Pepper plants need specific environmental (temperature and humidity) conditions to establish growth and create high yields. If the temperatures get too low it will stunt its growth or not produce blossoms, when the temperatures get too high the plant will drop it blossoms resulting in no or reduce yields.
The perfect temperature range for peppers is between 70 and 80 degrees F for Bell peppers and hot peppers can handle a little warmer temperatures up to 85 degrees. If their environment gets below 70 degrees the plants will struggle, which given even in August we don’t hit an average of 70 degrees F for any success a greenhouse, hot box, or a growbox is requirement. If you are a frequent reader of this site you probably already know I go with the last option.
With a few CFLs (or incandescent if extra heat is needed) the peppers plants are happy in the growbox. With exception of once a week watering with a diluted fertilizer at 50% recommended on the box they pretty much take care of themselves. If we do get a nice warm day I will bring them out for some natural light. This also invites some natural organic pest control of any aphids which may have found their way into the growbox. When the plants begin flowering this also gives some bees an opportunity to do a little pollination, this can be done by hand with a paint brush or Q-Tip though my success rate is much less than the bees, though they have been doing this for millions of years…I am still a little new at this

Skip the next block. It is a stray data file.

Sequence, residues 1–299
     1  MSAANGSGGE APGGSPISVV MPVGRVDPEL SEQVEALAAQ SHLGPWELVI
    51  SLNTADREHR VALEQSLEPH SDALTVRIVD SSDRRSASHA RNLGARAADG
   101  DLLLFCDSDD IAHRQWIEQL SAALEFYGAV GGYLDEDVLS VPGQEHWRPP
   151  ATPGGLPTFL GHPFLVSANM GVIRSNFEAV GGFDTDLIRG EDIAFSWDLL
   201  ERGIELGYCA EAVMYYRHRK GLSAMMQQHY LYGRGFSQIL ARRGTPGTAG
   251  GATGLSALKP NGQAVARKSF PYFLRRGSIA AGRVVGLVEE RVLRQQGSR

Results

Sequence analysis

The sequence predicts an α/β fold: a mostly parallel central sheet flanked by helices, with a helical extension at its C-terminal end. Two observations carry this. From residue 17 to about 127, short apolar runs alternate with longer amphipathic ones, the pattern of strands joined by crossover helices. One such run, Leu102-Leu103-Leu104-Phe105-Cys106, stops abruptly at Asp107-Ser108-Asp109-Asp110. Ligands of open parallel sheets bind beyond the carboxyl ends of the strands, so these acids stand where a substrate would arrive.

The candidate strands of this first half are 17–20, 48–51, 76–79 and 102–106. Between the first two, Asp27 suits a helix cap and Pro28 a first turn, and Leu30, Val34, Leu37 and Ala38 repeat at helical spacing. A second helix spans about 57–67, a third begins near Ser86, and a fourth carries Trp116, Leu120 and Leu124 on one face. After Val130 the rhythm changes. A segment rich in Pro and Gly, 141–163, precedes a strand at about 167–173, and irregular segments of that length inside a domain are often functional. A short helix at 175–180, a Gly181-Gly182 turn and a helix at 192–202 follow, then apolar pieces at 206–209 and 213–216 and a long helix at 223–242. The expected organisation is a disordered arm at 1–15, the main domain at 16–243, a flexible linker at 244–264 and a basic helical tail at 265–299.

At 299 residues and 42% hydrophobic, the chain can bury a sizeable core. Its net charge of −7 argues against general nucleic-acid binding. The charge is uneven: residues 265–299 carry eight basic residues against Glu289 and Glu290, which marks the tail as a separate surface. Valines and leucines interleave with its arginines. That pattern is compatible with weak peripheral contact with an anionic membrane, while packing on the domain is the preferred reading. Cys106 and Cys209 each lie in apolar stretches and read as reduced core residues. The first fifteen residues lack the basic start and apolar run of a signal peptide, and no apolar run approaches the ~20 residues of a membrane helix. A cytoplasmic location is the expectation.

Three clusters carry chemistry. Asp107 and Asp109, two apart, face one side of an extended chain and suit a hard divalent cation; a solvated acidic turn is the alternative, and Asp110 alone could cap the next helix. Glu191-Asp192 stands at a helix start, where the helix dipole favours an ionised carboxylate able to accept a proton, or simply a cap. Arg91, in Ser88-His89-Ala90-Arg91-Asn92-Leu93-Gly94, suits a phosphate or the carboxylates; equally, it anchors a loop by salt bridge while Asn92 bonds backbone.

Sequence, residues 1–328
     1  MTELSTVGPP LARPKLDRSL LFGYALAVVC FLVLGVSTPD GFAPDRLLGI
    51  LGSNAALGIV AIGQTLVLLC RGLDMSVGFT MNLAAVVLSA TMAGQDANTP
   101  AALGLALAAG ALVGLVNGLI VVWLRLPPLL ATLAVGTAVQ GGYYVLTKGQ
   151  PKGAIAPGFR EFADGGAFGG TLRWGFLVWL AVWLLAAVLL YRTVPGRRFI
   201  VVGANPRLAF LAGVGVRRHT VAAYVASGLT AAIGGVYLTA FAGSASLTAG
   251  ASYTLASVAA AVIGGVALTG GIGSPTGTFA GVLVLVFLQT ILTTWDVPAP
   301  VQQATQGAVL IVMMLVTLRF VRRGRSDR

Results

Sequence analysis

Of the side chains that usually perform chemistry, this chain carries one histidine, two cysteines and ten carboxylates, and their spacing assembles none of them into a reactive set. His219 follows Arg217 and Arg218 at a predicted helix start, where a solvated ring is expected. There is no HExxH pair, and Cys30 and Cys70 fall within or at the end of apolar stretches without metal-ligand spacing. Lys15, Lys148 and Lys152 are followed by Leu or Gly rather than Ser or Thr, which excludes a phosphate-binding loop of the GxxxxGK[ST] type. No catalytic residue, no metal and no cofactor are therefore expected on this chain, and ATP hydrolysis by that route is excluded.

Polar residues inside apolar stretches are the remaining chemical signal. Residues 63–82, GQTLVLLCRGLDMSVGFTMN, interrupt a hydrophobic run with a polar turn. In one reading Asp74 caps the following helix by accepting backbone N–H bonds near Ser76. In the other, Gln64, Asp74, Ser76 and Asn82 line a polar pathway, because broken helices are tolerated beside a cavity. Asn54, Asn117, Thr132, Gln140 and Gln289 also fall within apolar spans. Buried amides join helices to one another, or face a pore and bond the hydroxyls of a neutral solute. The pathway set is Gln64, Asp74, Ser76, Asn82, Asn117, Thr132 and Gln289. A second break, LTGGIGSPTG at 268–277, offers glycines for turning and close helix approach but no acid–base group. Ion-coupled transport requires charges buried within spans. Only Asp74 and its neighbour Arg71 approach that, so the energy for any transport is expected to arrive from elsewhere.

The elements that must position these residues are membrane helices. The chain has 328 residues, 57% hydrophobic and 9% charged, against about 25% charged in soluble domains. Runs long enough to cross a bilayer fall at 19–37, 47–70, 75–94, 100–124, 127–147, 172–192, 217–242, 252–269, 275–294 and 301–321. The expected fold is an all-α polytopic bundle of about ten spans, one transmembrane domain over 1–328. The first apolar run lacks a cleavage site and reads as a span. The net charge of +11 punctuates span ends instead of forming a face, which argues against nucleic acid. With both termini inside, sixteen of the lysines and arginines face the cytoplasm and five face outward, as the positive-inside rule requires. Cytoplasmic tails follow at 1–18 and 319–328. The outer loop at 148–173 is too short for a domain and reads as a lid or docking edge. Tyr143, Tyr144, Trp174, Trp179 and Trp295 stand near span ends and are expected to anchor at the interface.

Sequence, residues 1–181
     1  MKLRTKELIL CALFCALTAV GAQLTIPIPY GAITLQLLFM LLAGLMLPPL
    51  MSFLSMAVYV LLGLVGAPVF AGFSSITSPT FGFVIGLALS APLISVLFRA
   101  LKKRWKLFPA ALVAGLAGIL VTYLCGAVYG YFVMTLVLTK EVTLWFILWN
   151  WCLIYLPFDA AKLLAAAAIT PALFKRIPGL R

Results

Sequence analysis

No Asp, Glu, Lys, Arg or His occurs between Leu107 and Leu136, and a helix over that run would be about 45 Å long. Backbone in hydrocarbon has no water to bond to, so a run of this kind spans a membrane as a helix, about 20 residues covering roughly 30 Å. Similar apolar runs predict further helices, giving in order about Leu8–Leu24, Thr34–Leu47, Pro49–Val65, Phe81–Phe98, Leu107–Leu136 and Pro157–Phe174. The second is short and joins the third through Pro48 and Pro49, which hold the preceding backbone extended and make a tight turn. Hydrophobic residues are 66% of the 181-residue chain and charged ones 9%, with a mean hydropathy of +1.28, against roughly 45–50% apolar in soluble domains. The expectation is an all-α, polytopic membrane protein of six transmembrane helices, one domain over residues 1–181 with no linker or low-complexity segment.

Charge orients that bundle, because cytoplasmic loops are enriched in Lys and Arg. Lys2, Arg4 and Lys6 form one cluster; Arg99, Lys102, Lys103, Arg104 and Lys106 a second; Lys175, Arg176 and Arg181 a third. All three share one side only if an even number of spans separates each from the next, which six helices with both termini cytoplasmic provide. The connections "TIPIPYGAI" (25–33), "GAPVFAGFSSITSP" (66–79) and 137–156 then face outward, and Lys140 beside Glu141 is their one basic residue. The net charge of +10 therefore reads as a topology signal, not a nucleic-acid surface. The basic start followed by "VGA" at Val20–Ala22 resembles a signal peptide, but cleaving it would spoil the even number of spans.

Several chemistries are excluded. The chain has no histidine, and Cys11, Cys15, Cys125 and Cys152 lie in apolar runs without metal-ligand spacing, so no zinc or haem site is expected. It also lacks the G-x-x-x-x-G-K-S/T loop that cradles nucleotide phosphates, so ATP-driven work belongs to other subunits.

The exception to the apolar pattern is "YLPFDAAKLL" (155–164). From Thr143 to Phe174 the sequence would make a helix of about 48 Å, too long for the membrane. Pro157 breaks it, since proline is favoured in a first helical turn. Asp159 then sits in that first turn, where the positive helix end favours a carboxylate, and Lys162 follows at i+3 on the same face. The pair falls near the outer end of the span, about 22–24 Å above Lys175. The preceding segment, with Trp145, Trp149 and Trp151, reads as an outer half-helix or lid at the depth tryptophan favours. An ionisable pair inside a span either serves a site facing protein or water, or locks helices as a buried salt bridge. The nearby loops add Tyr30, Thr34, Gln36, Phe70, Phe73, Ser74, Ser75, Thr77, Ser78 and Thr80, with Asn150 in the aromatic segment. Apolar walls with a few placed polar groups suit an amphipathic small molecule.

As mentioned above controlling the proper temperature is critical, I do this with a combination of computer controlled fans and lighting to maintain the proper temperature, though this could also be achieved by using a $10 outdoor digital thermometer and a occasional adjustments to venting or fan control to maintain a good temperature range.
Last year I only grew jalapeno pepper plants, but this year I am also trying Cayenne, Sweet Yellow, and Bhut Jolokia pepper plants. Though it is quite a bit more work growing peppers in my area, I like challenges and to do things that others say can not be done, call me stubborn.
I was lucky enough to win some Bhut Jolokia pepper seeds from Red Icculus. In case you haven’t heard of these they are the hottest peppers on earth having a heat rating of over 1 million scoville units. Just to put that into comparison jalapenos are around 5000 scoville units. One property of this pepper is the way the heat builds after consumption, on first bite it is spicy but takes a few seconds until you really feel the burn which is where it gets the name “ghost pepper.”
Now when dealing with these peppers I recommend using extreme caution I have some pain in my nose hours later just from breathing around these things so vinyl gloves and possibly even a mask would be recommended.
Once you have the safety precautions in place the process is actually very simple. Just break them up and pick the seeds up and store in a homemade seed packet. Now eating the pepper whole is not a challenge I want to take though saving the dried pepper flakes and adding a pinch so some chili might be up my alley. Though if you want to watch some people in pain taking see these videos of people taking the Bhut Jolokia pepper challenge on YouTube. Here is my favorite and my inspiration to not take the challenge.
I am planning on trying to grow one of these using my new hydroponic setup, well at least once I get around to building…so stay tuned.